My child has been accused of bullying – what should I do?

We’ve put together an article full of advice about the practical steps you can take in response to this.

1. When you get a call from the school that your child has been accused of bullying

Being called into school to be told your child has been accused of bullying can be devastating. But it is worth remembering that they are learning to navigate the complicated world of social relationships and that making mistakes is to be expected. Don’t assume your child is a bad egg. There is a chance they didn’t even realise how much they were hurting the other child. The problem shouldn’t get worse if you work with the school to tackle the situation.

2. You should particularly bear in mind the following points when dealing with the school:

  • Don’t be defensive. Listen carefully to the teacher.
  • Ask the teacher if he/she genuinely believes your child is a bully. You may find the situation is more complicated than it first appears.
  • Ask for specific examples of the bullying and take notes so that you can ask your child about it later.
  • Ask how the school plans to deal with the bullying. There should be a practical plan that doesn’t restrict your child too much.
  • Don’t talk to the other child or their parents unless it is at a meeting arranged by the school. It simply won’t help.


3. How to talk to your child who has been accused of bullying

Don’t be aggressive. You want to find out exactly what is going on, and feeling attacked won’t encourage your child to tell you anything. Choose a quiet time and sit down with your child. Tell them exactly what the teacher has told you, without any accusations. Don’t imply that you are disappointed in your child or, for that matter, that you think the other child is in the wrong. Tell them that all you would like is to hear their side of the story so you can understand exactly what has happened.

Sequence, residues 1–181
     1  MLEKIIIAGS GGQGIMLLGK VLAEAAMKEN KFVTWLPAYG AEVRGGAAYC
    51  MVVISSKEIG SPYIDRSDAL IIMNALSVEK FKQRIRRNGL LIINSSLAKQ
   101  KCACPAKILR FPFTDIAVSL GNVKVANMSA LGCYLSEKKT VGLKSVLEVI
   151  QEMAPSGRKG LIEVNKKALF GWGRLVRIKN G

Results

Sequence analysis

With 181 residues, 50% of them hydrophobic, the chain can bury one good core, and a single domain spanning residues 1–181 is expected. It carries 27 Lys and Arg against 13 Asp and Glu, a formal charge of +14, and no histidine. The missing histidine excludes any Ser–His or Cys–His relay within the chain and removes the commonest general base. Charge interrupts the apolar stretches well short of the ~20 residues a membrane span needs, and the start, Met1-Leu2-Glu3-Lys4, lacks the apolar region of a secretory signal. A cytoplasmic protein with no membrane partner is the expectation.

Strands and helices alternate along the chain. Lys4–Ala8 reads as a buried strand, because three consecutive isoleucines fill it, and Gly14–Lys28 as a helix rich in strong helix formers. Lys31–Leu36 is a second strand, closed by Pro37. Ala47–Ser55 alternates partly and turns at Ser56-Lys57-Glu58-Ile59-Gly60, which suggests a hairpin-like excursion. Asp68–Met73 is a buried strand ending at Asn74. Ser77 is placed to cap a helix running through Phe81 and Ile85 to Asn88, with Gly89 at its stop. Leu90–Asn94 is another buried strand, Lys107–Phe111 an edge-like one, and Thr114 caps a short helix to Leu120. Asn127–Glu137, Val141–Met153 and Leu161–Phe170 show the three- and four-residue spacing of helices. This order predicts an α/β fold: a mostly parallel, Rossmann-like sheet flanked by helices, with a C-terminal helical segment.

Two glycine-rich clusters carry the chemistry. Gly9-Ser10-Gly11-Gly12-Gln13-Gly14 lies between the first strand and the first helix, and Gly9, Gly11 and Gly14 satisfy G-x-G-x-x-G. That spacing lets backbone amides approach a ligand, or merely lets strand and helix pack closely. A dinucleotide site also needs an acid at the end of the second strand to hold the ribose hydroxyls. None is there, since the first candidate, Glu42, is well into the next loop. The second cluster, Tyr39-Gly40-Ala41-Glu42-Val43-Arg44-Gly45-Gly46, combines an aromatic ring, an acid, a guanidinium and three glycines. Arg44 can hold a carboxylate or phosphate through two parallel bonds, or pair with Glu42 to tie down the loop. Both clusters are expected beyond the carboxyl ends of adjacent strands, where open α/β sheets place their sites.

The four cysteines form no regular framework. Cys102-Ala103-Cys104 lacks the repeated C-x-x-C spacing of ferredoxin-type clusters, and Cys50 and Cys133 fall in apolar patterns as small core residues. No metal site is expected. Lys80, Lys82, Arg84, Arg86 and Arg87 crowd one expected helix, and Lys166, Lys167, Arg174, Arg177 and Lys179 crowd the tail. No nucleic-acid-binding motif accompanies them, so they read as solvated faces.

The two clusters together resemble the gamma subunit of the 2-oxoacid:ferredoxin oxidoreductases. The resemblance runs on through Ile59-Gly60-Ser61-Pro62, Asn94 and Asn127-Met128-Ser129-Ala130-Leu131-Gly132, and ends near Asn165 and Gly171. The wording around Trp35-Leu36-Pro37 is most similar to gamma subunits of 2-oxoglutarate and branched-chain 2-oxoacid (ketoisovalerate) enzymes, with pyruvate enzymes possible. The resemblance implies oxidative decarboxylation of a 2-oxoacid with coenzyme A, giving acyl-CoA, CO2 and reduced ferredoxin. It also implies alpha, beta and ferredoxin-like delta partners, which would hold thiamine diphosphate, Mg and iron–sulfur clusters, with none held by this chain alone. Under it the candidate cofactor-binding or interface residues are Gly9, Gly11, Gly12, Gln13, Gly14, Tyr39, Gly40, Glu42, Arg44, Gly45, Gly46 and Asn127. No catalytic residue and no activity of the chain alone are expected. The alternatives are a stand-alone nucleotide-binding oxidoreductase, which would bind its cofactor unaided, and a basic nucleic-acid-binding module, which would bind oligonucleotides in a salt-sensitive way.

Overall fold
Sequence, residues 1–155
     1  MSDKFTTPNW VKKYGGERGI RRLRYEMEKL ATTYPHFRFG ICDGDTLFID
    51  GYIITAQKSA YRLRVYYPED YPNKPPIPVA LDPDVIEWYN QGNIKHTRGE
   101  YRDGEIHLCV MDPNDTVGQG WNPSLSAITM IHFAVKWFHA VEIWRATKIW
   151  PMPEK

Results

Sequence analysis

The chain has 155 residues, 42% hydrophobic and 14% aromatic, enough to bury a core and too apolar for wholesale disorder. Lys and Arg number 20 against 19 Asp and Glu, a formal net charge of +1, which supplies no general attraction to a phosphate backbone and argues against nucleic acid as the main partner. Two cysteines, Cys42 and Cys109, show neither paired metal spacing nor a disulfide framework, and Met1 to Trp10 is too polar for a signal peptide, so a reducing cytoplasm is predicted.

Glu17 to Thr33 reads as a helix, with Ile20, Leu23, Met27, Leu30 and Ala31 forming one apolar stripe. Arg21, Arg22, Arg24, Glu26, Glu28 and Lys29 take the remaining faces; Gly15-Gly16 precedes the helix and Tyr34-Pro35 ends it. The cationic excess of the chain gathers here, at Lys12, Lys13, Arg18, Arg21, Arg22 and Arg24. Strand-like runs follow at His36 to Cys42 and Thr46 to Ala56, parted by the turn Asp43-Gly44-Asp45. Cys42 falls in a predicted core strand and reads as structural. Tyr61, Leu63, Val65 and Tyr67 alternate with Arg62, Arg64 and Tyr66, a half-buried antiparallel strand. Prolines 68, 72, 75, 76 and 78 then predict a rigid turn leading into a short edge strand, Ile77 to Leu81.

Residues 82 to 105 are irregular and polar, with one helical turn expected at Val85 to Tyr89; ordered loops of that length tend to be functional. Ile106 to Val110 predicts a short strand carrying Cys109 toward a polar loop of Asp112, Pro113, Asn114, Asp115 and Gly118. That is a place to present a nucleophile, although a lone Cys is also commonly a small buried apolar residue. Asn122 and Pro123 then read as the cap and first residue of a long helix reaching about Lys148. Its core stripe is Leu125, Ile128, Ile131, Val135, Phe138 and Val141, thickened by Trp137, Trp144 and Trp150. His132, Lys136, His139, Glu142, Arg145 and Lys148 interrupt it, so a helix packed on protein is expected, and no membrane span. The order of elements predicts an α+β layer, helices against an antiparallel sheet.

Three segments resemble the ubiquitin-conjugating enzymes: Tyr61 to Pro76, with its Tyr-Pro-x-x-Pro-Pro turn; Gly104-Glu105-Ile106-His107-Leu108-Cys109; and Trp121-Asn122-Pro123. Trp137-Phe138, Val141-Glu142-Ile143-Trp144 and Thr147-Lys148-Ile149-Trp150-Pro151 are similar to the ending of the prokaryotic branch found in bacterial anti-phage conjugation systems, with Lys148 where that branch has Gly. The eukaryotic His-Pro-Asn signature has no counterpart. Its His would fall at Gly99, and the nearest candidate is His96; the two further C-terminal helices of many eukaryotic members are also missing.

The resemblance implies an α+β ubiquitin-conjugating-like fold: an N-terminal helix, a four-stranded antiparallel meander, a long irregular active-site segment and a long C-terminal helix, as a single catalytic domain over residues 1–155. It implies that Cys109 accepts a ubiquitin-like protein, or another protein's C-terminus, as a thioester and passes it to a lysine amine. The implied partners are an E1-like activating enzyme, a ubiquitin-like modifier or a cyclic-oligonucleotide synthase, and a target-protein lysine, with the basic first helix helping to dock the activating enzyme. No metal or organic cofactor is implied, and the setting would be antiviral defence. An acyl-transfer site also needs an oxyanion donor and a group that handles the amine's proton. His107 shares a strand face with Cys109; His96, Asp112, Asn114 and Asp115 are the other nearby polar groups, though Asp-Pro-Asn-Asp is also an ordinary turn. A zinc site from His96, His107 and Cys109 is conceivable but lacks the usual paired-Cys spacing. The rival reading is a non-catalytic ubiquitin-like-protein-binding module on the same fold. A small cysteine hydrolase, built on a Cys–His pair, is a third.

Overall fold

What you are likely to find is that your child will have excuses and justifications for their behaviour.  For instance, “I was only joking”, “I didn’t mean it”, “He hit me first” etc.

  • Ask your child how they think they would feel if someone said something nasty to them at school.
  • Explain that you understand your child might not have meant to upset anyone but that in reality their behaviour has been hurtful and needs to stop.
  • At this point your child may reveal that someone else has been nasty to them and that the situation is more complex.
  • It could be that there is a culture of nasty behaviour in the class, which is something that needs to be addressed with the school.

You may also find your child has been drawn into the bullying situation by another child and that they are participating to avoid being targeted themselves. This is a more complicated situation, and your child will need support to escape the unhealthy relationship with the bully.


4. Equip your child with the right social tools